Some question whether a new version of the GPL, the license for an estimated 75% of free software projects, is needed at all. And, while language changes to improve international use are relatively uncontroversial, other changes in the new version are hotly debated, including the section about patents, with its language to prevent a reoccurrence of the Microsoft-Novell deal signed in November 2007, and sections that restrict the use of the license with lockdown technologies.
How legitimate are these concerns? Should software developers and distributors move to the new version or stay with the second version of the GPL? What will happen if some parts of the FOSS world, such as the Linux kernel, stay with the second version while other software uses the third version?
These questions are not easy to answer. The language of GPLv3 has changed dramatically since the first discussion draft was released in January 2006, but many people's perceptions of the license have not kept pace with the changes. Myths abound, aided by the sensationalism of the mainstream computer media, which frequently -- often willfully -- misinterprets the hyped-up rhetoric of the FOSS world as more serious as it is. Nor has understanding been aided by the fact that the Free Software Foundation (FSF), which is drafting the new license with the help of the Software Freedom Law Center, has adapted a policy of not answering criticisms, even when they become personal attacks, in order to avoid stifling discussion.
However, now, with the last call draft of the third version in circulation, it's time for a closer, calmer look at the issues.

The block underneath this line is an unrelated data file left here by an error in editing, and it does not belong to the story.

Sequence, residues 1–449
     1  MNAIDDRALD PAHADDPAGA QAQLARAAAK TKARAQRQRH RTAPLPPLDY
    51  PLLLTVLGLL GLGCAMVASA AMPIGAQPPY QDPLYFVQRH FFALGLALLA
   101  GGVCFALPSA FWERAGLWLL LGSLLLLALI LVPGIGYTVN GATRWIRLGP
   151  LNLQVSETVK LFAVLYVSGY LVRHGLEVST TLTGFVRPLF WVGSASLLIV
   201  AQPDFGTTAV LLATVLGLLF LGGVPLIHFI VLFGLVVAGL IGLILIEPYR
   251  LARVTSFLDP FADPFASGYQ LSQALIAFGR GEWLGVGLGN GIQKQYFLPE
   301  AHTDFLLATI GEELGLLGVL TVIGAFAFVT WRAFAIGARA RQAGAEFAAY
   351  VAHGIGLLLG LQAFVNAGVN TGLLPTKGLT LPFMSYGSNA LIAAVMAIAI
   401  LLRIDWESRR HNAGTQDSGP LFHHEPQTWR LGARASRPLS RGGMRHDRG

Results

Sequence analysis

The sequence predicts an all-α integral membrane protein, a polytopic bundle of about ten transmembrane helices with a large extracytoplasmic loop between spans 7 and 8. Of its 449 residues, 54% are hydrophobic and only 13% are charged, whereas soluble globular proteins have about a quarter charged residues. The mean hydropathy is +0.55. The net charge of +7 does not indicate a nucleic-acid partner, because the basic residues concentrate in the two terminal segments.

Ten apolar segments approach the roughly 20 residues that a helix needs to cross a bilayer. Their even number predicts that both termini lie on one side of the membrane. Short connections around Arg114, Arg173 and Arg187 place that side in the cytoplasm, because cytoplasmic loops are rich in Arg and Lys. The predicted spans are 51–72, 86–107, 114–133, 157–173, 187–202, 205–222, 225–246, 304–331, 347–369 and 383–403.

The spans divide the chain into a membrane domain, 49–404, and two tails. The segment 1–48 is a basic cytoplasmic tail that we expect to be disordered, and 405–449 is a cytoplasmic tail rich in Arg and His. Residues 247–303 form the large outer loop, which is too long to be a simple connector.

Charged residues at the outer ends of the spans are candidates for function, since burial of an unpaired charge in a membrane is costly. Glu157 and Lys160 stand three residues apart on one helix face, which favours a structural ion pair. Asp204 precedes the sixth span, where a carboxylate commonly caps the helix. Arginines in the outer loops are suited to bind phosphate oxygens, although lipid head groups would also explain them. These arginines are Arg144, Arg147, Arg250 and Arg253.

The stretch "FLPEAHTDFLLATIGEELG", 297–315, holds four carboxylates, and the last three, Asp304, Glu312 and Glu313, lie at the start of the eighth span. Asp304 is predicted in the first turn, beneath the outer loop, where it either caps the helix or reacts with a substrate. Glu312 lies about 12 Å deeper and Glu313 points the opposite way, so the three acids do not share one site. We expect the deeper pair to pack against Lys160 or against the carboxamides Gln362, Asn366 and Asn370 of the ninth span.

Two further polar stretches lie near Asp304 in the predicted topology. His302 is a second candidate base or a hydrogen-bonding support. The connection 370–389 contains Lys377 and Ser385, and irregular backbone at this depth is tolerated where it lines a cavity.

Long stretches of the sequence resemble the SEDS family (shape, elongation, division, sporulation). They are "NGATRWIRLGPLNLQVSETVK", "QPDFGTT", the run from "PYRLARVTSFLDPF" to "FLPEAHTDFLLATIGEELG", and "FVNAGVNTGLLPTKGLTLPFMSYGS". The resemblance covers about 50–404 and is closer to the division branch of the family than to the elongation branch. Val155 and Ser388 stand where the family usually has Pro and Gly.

The reasons for the new version
Even the reason for GPLv3 is a matter of dispute. In September 2006, a group of Linux kernel developers that included Andrew Morton and Greg Kroah-Hartman released a statement that suggested that, since the second version of the GPLv2 has been so successful in the fifteen years since its release, "we are extremely reluctant to contemplate tampering with that licence except as bug fixes to correct exposed problems." So far, the letter continued, "we have not found any bugs significant enough to warrant such corrections."
Similarly, Linus Torvalds, the leader of the Linux kernel project and one of the GPLv3's most vocal critics, suggests that the reason for the new license is that the FSF "noticed that there were other things that they wanted to do, and that were not not covered by the GPLv2."
However, to Richard Stallman, the FSF's founder, nothing has changed in GPLv3 except that language has been added to cover new loopholes that have emerged with the development of new technology. "In GPLv1," Stallman says, "I knew of two ways that people could try to make free software effectively proprietary. One was by adding additional license terms, and the other was by not releasing the source. So GPLv1 said you couldn't do either. Then, in 1990, I found out about another: that patent holders could threaten developers and make them impose restrictive conditions on subsequent users.
Continues Stallman: So GPLv2 added Section 7, which says that, no matter what other conditions are imposed on you, you can either distribute with full GPL freedoms or not at all. Now we've found out about two other ways to try to make free software effectively proprietary: one of them is TiVoization [the use of hardware based lockdown technologies], and the other is the Novell-Microsoft deal, so we're trying to block them both. And any time we find some new threat to a user's freedoms, we will try to block it."
In other words, unlike the kernel developers, Stallman and the FSF do see significant bugs. Rather than radically altering direction, they are simply moving to correct them. Many of these bugs are relatively minor and uncontested, such as the language that excludes the users of file-sharing software like BitTorrent from having to provide the source code along with binaries. Or the new ways to distribute source code, such as including written offers for the source code or providing access to it on a network server. As Brett Smith, FSF compliance engineer, suggests, such changes are simply "bringing GPL into the Internet culture."
The trouble is, not all the changes are just a matter of changes in technology. The major issues, although sometimes based on technology, also invoke philosophical and personal issues.